16. 16. Bourdeaut F, Ferrand S, Brugieres L, Hilbert M, Ribeiro A, et al. (2012) ALK germline mutations in patients with neuroblastoma: a rare and weakly penetrant syndrome. Eur J Hum Genet 20: 291–297. doi: 10.1038/ejhg.2011.195
  17. 17. Albertson DG, Pinkel D (2003) Genomic microarrays in human genetic disease and cancer. Hum Mol Genet 12 Spec No 2: R145–152. doi: 10.1093/hmg/ddg261
  18. 18. Brodeur GM, Pritchard J, Berthold F, Carlsen NL, Castel V, et al. (1993) Revisions of the international criteria for neuroblastoma diagnosis, staging, and response to treatment. J Clin Oncol 11: 1466–1477. doi: 10.1038/nature07398
  19. 19. Garaventa A, De Bernardi B, Pianca C, Donfrancesco A, Cordero di Montezemolo L, et al. (1993) Localized but unresectable neuroblastoma: treatment and outcome of 145 cases. Italian Cooperative Group for Neuroblastoma. J Clin Oncol 11: 1770–1779. doi: 10.1038/nature07398
  20. 20. Gigliotti AR, Di Cataldo A, Sorrentino S, Parodi S, Rizzo A, et al. (2009) Neuroblastoma in the newborn. A study of the Italian Neuroblastoma Registry. Eur J Cancer 45: 3220–3227. doi: 10.1016/j.ejca.2009.08.020
  21. 21. Carr J, Bown NP, Case MC, Hall AG, Lunec J, et al. (2007) High-resolution analysis of allelic imbalance in neuroblastoma cell lines by single nucleotide polymorphism arrays. Cancer Genet Cytogenet 172: 127–138. doi: 10.1016/j.cancergencyto.2006.08.012
  22. 22. Michels E, Vandesompele J, De Preter K, Hoebeeck J, Vermeulen J, et al. (2007) ArrayCGH-based classification of neuroblastoma into genomic subgroups. Genes Chromosomes Cancer 46: 1098–1108. doi: 10.1002/gcc.20496
  23. 23. Kryh H, Caren H, Erichsen J, Sjoberg RM, Abrahamsson J, et al. (2011) Comprehensive SNP array study of frequently used neuroblastoma cell lines; copy neutral loss of heterozygosity is common in the cell lines but uncommon in primary tumors. BMC Genomics 12: 443. doi: 10.1016/j.ejca.2009.08.020
  24. 24. Forloni M, Albini S, Limongi MZ, Cifaldi L, Boldrini R, et al. (2010) NF-kappaB, and not MYCN, regulates MHC class I and endoplasmic reticulum aminopeptidases in human neuroblastoma cells. Cancer Res 70: 916–924. doi: 10.1016/j.ejca.2009.08.020
  25. 25. Lutz W, Stohr M, Schurmann J, Wenzel A, Lohr A, et al. (1996) Conditional expression of N-myc in human neuroblastoma cells increases expression of alpha-prothymosin and ornithine decarboxylase and accelerates progression into S-phase early after mitogenic stimulation of quiescent cells. Oncogene 13: 803–812. doi: 10.1002/humu.20235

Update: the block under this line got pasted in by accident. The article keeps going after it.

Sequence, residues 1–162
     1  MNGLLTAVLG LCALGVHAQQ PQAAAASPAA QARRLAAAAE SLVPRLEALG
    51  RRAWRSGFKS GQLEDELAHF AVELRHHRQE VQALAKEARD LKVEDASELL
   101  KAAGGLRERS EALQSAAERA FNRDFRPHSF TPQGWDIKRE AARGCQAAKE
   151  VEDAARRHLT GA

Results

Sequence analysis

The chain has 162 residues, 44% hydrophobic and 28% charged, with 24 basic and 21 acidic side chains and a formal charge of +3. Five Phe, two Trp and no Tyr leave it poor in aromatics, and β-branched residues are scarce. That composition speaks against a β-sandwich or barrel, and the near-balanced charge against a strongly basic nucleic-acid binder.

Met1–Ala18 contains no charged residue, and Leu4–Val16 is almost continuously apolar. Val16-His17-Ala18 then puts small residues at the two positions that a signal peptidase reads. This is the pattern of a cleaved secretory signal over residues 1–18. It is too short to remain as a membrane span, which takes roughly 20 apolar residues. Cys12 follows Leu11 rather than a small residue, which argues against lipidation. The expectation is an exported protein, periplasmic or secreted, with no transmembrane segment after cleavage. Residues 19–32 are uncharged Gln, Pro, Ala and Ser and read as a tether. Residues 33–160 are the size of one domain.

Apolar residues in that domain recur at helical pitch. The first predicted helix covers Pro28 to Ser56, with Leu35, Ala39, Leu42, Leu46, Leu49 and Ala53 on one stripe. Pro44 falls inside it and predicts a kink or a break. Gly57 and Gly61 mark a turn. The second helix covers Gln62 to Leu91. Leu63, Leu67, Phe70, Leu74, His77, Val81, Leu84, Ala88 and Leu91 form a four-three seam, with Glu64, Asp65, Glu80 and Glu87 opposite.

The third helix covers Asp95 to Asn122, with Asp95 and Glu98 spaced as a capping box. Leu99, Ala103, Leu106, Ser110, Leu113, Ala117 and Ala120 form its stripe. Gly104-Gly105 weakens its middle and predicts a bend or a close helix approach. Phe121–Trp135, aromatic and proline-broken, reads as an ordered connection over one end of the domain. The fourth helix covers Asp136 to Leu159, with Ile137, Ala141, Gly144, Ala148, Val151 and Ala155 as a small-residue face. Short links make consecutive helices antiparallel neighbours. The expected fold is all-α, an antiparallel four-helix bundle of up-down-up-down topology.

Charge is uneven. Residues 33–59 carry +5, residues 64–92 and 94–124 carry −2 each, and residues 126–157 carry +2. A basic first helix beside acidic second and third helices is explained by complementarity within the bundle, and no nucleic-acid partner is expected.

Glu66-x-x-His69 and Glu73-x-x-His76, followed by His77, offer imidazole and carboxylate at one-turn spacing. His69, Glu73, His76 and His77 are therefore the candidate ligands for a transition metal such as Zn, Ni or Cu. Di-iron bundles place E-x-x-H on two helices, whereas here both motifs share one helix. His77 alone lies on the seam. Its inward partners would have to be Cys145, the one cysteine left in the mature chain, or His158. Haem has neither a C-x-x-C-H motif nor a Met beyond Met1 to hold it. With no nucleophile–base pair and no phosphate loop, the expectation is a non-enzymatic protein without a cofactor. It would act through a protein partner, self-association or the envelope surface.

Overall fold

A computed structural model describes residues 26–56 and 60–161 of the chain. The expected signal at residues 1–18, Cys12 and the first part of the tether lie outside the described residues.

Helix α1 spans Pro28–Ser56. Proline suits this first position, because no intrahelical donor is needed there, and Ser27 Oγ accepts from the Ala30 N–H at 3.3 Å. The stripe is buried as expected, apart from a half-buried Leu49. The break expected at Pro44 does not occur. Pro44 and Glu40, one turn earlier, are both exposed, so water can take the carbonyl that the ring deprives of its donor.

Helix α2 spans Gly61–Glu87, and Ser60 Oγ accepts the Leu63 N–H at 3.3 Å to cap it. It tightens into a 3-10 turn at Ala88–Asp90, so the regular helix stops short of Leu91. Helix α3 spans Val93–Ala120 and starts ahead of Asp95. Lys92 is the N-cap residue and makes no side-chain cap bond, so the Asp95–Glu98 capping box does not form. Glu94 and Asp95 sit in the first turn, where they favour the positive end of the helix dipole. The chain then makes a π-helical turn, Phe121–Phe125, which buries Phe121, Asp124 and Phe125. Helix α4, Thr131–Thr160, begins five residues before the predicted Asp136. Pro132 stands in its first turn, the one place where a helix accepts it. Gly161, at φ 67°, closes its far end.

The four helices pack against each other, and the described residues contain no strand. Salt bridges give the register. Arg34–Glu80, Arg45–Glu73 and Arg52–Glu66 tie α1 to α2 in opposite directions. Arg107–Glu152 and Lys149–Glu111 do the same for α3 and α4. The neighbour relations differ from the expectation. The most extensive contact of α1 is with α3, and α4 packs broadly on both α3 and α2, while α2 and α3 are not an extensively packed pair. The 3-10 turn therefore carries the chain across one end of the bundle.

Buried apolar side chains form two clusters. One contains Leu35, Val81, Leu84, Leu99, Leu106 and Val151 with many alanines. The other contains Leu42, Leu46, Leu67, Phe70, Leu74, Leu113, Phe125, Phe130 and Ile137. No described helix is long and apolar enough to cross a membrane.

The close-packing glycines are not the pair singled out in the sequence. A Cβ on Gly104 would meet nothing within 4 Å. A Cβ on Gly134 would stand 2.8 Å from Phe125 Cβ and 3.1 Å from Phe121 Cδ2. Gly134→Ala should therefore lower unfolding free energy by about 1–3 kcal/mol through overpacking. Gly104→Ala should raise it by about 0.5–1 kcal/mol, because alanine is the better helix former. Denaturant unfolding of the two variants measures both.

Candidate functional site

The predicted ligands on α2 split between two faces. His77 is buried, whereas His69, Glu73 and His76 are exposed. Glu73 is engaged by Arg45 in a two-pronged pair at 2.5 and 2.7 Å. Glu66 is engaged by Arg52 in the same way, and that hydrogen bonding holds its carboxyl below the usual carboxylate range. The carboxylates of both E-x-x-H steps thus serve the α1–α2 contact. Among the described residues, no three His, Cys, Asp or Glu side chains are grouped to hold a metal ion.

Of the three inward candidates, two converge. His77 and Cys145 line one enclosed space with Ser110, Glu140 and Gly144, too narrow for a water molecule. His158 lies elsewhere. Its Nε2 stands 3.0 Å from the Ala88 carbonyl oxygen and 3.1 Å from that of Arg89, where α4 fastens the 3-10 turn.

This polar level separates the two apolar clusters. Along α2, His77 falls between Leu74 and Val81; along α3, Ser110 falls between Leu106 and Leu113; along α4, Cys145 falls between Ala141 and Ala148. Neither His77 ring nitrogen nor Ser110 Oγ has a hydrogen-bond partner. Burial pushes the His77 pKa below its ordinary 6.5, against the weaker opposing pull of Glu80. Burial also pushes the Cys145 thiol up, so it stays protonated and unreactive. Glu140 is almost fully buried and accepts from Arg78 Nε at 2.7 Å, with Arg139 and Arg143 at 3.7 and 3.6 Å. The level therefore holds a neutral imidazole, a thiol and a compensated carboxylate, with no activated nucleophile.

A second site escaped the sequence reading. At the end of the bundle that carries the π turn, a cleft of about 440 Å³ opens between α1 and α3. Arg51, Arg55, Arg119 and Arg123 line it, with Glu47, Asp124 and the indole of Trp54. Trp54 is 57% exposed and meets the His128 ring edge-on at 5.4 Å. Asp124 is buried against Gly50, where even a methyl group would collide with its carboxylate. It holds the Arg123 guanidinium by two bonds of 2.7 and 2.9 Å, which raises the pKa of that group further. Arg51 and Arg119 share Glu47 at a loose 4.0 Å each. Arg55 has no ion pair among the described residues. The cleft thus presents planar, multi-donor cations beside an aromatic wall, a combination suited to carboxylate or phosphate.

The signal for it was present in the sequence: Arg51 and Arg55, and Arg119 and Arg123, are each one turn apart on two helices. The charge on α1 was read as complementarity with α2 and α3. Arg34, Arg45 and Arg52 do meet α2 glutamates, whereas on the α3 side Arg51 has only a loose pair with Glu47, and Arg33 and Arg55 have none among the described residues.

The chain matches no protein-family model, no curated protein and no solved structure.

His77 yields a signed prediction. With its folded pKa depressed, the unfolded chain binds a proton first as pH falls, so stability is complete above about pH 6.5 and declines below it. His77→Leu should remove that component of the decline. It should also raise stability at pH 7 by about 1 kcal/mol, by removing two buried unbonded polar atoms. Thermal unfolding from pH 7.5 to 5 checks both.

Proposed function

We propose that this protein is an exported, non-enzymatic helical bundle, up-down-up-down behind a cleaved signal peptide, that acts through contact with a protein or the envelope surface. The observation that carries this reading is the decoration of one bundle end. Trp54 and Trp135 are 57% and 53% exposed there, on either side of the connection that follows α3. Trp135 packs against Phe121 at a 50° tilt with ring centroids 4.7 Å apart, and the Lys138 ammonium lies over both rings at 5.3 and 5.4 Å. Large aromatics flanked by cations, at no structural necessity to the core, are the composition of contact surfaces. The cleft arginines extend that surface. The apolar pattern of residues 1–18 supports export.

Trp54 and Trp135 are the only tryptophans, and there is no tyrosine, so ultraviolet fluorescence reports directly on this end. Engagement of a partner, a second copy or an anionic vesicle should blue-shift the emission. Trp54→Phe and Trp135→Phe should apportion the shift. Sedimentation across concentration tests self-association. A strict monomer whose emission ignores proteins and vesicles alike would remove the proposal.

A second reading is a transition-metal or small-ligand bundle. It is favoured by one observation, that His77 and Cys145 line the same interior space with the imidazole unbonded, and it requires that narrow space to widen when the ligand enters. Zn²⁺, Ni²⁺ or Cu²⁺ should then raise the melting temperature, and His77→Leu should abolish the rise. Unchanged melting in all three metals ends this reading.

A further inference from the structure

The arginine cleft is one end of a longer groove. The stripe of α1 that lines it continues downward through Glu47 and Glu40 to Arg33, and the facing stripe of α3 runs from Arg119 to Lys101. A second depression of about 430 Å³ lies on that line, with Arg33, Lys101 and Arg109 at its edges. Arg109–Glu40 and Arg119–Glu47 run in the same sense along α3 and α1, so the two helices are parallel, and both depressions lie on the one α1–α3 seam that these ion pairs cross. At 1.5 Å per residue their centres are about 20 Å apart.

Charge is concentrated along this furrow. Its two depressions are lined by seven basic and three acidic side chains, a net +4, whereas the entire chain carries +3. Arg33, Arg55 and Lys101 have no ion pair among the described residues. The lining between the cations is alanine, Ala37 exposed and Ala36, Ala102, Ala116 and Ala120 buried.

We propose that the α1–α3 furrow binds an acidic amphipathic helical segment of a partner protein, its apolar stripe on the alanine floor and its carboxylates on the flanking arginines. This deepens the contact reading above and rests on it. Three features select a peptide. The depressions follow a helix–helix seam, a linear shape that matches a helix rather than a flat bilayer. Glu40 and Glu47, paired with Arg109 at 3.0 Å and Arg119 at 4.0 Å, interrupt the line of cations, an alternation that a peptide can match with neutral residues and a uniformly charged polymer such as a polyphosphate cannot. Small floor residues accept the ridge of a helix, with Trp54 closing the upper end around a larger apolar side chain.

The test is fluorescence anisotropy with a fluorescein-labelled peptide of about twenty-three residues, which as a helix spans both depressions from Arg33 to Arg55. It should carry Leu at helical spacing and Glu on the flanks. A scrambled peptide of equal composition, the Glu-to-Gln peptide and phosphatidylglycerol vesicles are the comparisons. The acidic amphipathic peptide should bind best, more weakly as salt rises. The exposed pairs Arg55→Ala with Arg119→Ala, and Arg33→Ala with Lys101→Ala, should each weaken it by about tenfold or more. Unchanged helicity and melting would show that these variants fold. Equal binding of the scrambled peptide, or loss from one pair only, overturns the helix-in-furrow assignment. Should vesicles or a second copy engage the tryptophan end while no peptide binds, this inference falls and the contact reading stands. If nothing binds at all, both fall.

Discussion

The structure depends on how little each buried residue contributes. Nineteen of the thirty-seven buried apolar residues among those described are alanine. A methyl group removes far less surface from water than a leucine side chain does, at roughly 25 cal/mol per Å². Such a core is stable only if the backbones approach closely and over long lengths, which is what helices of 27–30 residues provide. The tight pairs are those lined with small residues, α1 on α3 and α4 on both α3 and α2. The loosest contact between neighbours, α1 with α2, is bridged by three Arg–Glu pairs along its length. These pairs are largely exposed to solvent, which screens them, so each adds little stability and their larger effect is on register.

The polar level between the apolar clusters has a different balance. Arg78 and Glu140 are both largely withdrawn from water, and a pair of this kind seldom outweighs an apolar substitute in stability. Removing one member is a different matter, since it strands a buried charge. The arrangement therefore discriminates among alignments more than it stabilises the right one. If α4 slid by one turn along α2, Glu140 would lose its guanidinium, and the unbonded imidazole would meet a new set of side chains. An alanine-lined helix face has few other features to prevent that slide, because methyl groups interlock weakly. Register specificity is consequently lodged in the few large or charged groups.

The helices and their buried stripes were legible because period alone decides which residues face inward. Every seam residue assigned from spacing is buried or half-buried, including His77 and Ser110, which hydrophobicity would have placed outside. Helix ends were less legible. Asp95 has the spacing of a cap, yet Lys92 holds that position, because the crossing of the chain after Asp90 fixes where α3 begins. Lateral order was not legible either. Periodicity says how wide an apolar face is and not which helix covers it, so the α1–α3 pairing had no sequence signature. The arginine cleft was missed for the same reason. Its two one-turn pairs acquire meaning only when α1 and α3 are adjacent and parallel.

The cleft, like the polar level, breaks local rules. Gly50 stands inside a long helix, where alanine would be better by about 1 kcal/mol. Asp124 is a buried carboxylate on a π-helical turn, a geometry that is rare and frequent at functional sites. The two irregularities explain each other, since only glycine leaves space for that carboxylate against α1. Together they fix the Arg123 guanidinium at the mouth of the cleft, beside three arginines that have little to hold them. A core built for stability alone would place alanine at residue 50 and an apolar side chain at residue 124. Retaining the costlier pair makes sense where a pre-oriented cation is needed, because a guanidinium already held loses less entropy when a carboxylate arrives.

26. 26. Gorokhova S, Bibert S, Geering K, Heintz N (2007) A novel family of transmembrane proteins interacting with beta subunits of the Na,K-ATPase. Hum Mol Genet 16: 2394–2410. doi: 10.1093/hmg/ddm167
  27. 27. Bocciardi R, Giorda R, Marigo V, Zordan P, Montanaro D, et al. (2005) Molecular characterization of a t(2;6) balanced translocation that is associated with a complex phenotype and leads to truncation of the TCBA1 gene. Hum Mutat 26: 426–436. doi: 10.1002/humu.20235
  28. 28. Yue Y, Stout K, Grossmann B, Zechner U, Brinckmann A, et al. (2006) Disruption of TCBA1 associated with a de novo t(1;6)(q32.2;q22.3) presenting in a child with developmental delay and recurrent infections. J Med Genet 43: 143–147. doi: 10.1002/humu.20235
  29. 29. Palladino MJ, Bower JE, Kreber R, Ganetzky B (2003) Neural dysfunction and neurodegeneration in Drosophila Na+/K+ ATPase alpha subunit mutants. J Neurosci 23: 1276–1286. doi: 10.1002/humu.20235
  30. 30. Rhinn M, Dolle P (2012) Retinoic acid signalling during development. Development 139: 843–858. doi: 10.1242/dev.065938
  31. 31. Reynolds CP, Schindler PF, Jones DM, Gentile JL, Proffitt RT, et al. (1994) Comparison of 13-cis-retinoic acid to trans-retinoic acid using human neuroblastoma cell lines. Prog Clin Biol Res 385: 237–244. doi: 10.1016/0014-4827(83)90184-2
  32. 32. Sidell N, Altman A, Haussler MR, Seeger RC (1983) Effects of retinoic acid (RA) on the growth and phenotypic expression of several human neuroblastoma cell lines. Exp Cell Res 148: 21–30. doi: 10.1016/0014-4827(83)90184-2
  33. 33. Mathew P, Valentine MB, Bowman LC, Rowe ST, Nash MB, et al. (2001) Detection of MYCN gene amplification in neuroblastoma by fluorescence in situ hybridization: a pediatric oncology group study. Neoplasia 3: 105–109. doi: 10.1242/dev.065938
  34. 34. Shimada H, Ambros IM, Dehner LP, Hata J, Joshi VV, et al. (1999) The International Neuroblastoma Pathology Classification (the Shimada system). Cancer 86: 364–372. doi: 10.1242/dev.065938
  35. 35. Matera I, Bachetti T, Puppo F, Di Duca M, Morandi F, et al. (2004) PHOX2B mutations and polyalanine expansions correlate with the severity of the respiratory phenotype and associated symptoms in both congenital and late onset Central Hypoventilation syndrome. J Med Genet 41: 373–380. doi: 10.1136/jmg.2003.015412
  36. 36. Livak KJ, Schmittgen TD (2001) Analysis of relative gene expression data using real-time quantitative PCR and the 2(-Delta Delta C(T)) Method. Methods 25: 402–408. doi: 10.1006/meth.2001.1262